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plant id please

Hi can anyone tell me what this plant/flower is please, its very similar to a gazinia, its still flowering with different coloured flowers. My wife who is the gardener is now blind and i havent a clue but im learning so i can help her!



  • Hostafan1Hostafan1 Posts: 34,051
  • Is that definite, I ask as you put a question mark
  • AnniDAnniD Posts: 11,428
    I am as certain as l can be that it is an osteospermum  :)
  • JennyJJennyJ Posts: 8,839
    I think osteospermum too.
    Doncaster, South Yorkshire. Soil type: sandy, well-drained
  • 2000GTV2000GTV Posts: 108
    Another vote for osteospermum. They are available in lots of different colours here (I have 12 different (at the moment)). I love them.  
    Martina Franca, Puglia, southern Italy
    Love living in Italy but a Loiner at heart 
  • thanks everyone, are they perennial or do i have to take cuttings?
  • UffUff Posts: 3,199
    It depends where you live, they aren't hardy in SW Scotland and I would have to take cuttings. There is one that's hardier than the others, a lilac coloured one but a really cold winter, it could succumb.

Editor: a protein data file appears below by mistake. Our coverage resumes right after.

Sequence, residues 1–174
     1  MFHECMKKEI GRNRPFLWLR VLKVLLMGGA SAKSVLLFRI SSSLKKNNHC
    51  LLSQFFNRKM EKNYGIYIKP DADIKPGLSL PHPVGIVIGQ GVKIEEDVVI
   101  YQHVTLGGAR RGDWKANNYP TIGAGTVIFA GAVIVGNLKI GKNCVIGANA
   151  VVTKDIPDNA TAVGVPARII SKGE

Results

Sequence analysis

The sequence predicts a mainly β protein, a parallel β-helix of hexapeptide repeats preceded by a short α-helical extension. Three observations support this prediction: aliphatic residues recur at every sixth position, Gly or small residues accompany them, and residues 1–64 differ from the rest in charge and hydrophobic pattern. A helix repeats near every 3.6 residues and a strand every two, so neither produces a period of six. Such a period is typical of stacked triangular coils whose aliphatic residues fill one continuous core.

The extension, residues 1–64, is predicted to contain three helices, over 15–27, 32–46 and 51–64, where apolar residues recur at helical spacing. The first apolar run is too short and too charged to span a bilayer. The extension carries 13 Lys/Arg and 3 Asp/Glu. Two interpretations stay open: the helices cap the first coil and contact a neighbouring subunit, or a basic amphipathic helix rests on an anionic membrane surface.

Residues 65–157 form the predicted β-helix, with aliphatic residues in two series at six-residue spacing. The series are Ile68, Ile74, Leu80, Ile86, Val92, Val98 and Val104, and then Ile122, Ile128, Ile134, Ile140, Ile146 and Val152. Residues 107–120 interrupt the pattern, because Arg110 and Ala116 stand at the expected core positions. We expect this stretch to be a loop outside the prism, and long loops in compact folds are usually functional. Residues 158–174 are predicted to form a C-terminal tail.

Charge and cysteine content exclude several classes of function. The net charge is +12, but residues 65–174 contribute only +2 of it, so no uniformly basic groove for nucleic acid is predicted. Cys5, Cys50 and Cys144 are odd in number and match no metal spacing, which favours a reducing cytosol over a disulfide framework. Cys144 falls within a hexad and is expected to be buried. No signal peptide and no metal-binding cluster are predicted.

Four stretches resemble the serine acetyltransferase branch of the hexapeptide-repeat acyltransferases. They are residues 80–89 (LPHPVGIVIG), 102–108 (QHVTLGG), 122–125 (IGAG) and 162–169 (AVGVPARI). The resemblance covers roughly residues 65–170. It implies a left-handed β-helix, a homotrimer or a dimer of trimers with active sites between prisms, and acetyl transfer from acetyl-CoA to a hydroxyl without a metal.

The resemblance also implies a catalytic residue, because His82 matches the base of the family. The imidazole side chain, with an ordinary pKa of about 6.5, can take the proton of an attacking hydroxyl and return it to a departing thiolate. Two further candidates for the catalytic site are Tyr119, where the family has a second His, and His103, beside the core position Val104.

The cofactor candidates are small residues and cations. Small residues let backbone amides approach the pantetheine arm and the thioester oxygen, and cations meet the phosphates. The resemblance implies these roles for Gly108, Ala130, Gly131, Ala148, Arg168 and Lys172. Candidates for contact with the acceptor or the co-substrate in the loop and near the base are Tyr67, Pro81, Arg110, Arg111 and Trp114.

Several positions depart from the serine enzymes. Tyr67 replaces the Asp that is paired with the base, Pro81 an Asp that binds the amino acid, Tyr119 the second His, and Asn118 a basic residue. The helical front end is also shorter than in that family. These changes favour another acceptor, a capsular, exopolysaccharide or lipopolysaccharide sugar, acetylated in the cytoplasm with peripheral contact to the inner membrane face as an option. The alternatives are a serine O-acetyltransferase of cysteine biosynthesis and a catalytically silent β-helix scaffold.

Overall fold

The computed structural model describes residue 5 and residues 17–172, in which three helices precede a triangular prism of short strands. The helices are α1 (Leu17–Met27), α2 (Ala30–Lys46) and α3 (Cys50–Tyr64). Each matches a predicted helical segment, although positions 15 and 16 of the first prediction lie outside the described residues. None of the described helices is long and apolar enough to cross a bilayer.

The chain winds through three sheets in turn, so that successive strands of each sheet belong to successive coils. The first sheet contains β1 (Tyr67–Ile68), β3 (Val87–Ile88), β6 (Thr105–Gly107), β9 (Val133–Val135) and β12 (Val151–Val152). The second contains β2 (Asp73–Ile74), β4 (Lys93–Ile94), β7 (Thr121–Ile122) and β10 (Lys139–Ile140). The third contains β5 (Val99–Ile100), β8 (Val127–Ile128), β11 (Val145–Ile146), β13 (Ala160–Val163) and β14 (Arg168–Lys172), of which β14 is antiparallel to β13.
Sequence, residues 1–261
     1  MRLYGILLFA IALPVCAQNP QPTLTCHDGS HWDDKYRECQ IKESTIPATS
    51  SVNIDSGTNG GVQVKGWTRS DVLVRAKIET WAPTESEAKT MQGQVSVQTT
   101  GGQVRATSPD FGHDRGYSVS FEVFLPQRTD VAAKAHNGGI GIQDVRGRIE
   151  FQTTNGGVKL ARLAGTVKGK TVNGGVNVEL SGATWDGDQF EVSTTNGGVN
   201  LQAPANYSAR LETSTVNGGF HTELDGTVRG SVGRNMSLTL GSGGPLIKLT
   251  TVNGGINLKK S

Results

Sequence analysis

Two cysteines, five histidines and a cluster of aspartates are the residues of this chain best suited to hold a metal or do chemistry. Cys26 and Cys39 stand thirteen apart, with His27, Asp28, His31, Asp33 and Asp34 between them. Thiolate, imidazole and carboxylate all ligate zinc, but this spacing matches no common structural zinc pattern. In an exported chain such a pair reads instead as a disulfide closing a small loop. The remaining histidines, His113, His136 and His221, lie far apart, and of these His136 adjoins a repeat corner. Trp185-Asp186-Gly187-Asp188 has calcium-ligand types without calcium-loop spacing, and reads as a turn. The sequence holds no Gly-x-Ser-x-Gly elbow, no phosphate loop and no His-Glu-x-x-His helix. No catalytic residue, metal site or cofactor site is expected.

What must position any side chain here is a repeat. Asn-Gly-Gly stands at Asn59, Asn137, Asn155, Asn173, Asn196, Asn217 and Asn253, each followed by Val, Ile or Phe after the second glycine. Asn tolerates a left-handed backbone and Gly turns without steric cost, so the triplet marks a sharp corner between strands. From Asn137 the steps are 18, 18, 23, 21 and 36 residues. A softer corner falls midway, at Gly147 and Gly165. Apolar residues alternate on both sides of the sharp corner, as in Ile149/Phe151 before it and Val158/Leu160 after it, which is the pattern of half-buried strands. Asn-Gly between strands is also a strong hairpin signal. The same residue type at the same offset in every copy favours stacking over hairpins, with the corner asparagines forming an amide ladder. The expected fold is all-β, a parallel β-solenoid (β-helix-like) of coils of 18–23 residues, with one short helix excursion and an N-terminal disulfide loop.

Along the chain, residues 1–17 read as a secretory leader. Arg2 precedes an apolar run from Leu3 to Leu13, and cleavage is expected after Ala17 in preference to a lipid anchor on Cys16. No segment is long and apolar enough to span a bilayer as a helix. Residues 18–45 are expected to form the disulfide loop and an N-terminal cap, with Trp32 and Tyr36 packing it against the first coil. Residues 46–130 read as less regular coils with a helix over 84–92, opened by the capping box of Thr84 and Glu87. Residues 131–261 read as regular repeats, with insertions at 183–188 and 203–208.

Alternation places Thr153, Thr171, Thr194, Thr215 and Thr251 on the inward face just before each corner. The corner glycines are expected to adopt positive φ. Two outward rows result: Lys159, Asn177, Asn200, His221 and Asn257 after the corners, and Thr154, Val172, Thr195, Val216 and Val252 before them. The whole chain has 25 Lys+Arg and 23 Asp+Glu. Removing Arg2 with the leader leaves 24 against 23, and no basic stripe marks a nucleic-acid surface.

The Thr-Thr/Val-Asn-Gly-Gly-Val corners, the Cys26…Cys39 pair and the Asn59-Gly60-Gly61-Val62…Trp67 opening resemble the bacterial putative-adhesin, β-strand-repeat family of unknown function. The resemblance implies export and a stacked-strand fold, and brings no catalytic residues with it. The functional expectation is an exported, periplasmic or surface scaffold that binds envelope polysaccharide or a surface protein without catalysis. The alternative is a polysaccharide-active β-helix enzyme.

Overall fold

SW SCOTLAND but born in Derbyshire
  • 2000GTV2000GTV Posts: 108
    I will leave those based in the UK to advise you on this. The climate here is very different.  :)

    There is a wealth of knowledge on here so help is always available.

    Best wishes. 
    Martina Franca, Puglia, southern Italy
    Love living in Italy but a Loiner at heart 
  • FairygirlFairygirl Posts: 52,085
    Yes- as @Uff says, there's a white/purpley one which is quite hardy [ish] in many areas, but most of them aren't, or are borderline depending on location. 

    Someone will advise, but if the plants' been there for a few years, it's probably fine for your location  :)
    It's a place where beautiful isn't enough of a word....

    I live in west central Scotland - not where that photo is...
  • AnniDAnniD Posts: 11,428
    There are a few that are grown as perennials, but looking at the colour and the leaves l think this is more than likely one classed as an annual. 
    It is possible to take cuttings from them although to be honest you have left it a bit late. to propagate osteospermum,the edge of a pot.
    They can also root in water.

    Is it a plant that you've had for a while, or was it newly planted this year ?
    Was it in the ground or a pot ? If in a pot you could try moving it into a greenhouse or near the house wall and have some fleece to hand for the really cold nights. Make sure it's up on pot feet or bricks to help the drainage. 

    If it's in the ground, as you're down in Dorset you might well be lucky if we get a mild winter and your soil is well drained  :)
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